Many advocates of the A3 process, John Shook among them, swear by hand drawn A3s, and so do I, up to a point.
It's about the creative right brain, really. Numbers and computers can be so limiting. Better to draw stick figures and scribble problem statements in long hand script. Use pencil, naturally.
But one of the major objectives of drafting an A3 is to create systems of measurement. This implies that there will be, at some point, the creation of a database designed to contain data. Despite the obvious appeal of hand drawn graphic images and hand lettered text, there is a very practical consideration not only of data collection (which can be done fairly easily by hand) but also of data processing.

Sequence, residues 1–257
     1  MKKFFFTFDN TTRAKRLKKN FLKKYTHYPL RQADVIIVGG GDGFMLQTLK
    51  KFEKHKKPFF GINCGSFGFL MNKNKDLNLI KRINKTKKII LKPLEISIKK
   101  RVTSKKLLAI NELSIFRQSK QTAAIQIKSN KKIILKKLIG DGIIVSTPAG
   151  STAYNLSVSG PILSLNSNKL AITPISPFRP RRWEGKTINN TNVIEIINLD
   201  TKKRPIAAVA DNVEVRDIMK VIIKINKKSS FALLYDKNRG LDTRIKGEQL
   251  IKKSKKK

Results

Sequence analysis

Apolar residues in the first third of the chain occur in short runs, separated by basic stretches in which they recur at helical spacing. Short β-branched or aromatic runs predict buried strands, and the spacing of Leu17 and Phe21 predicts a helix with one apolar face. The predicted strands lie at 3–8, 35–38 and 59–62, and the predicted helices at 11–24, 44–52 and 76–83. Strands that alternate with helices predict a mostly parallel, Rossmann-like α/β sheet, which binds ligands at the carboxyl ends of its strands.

While one can make the case that recording data by hand is best--and I can think of many situations where this is true, on the manufacturing shopfloor, or the shopfloor of healthcare, for that matter--we must, at some point, "enter the data," be it into Excel or Oracle or SAP or EPIC or whatever, where data will be processed according to automated algorithms, simple or complex.
My point is that even simple data processing is not, let us agree, done so easily by hand. For this God created Excel (and other spreadsheet programs). The days of the slide rule are long gone.
Why not address the issue head on? I currently recommend to my clients that they build Excel databases and charts before drafting their problem statements and target statements. While this is often met with resistance, it pays immediate dividends in the form of clear definitions of both problem and target. It also establishes a practical framework for measuring progress towards the goal of improvement.
The alternative is fuzzy thinking, no matter how beautiful one's charts and graphs.